Mart and Frederik, my Dutch guests, arrived a couple of days early to relax into Baobab time before the trip to Guinea. It was Mart’s third time in Abene having been with me to see the chimps in the Gambia and then a Casa-trek last year. Frederik, a keen bird photographer, had spent a couple of weeks at the Little Baobab last spring.
I’d spent months planning the trip and – this ain’t going to surprise long term blog reader – it all went tits up a week or two before the departure date. I’d arranged a 4wd with a local guy who’d assured me it could very comfortably carry seven people but had proved elusive when asked to see the vehicle. I’d also arranged to use him for the ballooning trip and it transpired then that his vehicle was being fixed and we wouldn’t be able to use it. So upon return I sat down for a good chat and he assured me everything would be fine for this bigger Guinea trip. I have people flying in from Holland and the US just for this, I can’t let them down, I explained. Despite his reassurance, I wasn’t convinced and thought I’d better make a plan B. Plan B turned out to be twice the price and I was getting nervous – I didn’t want to have that conversation with the guests. The guy eventually brought his car round for me to see and I noticed a problem – we were 7 people and there were seats for 5 (where 3 would be on the back seat which wasn’t that roomy). “What about the other two and luggage?” I asked – there was no roof rack. He showed me a couple of stools that were about 3 inches tall that he planned to stick in the boot. Unable to picture Jeremy and Mart crouched in the trunk, I laughed him away. Then I panicked.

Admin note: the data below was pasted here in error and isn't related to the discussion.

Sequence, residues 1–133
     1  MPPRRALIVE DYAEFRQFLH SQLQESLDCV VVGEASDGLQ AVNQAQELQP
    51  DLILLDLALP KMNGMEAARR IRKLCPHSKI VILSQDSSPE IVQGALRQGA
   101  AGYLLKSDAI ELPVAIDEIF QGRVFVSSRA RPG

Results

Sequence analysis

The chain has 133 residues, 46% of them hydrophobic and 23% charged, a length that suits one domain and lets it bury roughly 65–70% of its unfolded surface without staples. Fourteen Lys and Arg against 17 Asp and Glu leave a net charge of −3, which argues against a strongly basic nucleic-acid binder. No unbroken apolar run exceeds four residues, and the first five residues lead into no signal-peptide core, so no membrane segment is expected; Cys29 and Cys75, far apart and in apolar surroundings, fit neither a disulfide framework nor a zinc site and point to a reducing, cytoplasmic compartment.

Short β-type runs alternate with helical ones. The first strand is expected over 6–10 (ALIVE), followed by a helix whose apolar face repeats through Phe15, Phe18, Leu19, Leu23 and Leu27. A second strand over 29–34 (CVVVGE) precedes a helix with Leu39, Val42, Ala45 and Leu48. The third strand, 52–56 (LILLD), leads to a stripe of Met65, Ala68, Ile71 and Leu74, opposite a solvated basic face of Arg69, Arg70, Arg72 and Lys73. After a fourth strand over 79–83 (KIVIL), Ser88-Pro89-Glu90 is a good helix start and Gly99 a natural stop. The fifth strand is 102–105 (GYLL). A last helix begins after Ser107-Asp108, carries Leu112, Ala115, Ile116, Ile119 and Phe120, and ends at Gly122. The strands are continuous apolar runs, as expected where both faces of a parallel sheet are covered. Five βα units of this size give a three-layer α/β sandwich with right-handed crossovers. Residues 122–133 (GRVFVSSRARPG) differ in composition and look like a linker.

Thankfully, help came in the form of a Senegalese friend in Djembering who gave me a sturdy minibus with reasonable ground clearance, along with a good driver, all for the original price. Phew.
So, Khadri arrived, we all got on well and headed out early one morning en route to Ziguinchor where we’d pick up the Americans who were arriving on the ferry from Dakar. We were early, so took coffee at the Perroquet, an attractive hotel overlooking the river. I was quite astonished to bump into a friend Paul from London, who later that day headed up to spend a week at our place in Abene.
We watched the ferry arriving, then greeted Jeremy and Carol – who’d both trekked with myself and Mart last year, along with their niece Tess who was here for the first time. Tess turned out to be great fun and had a habit of singing everything – a habit I picked up.
After getting our Guinea Bissau visas and cash from the ATM, we took a snack lunch and then headed down the 20 km or so to the Guinea Bissau border. The route to Bissau city is attractive, crossing farm land, mangrove areas, a couple of large rivers, cashew forests and several villages. We stopped after an hour or two for ice cold Guinean super-bok beers, hitting Bissau in the late afternoon golden sun, passing crowds that were lining the streets to cheer as we arrived. Then they hung around to cheer at the national football team who were returning after their performance at the Africa Cup in Gabon.
We’d made a reservation at the Hotel Jordani, an adequate place near the old town. As everywhere in Bissau, it was expensive for what it is – most power is run by generators which ramps up the costs – but we were only there for a night. After some rest, we strolled out into the dark rutted streets, had a draught beer at an outdoor seated bar then went to a restaurant that Jeremy – a former food critic – had been informed was the best in Bissau. It didn’t look it, but the women running it were friendly and the ambience good. We ate well cooked plates of pork, fish, chips and salad before retiring early.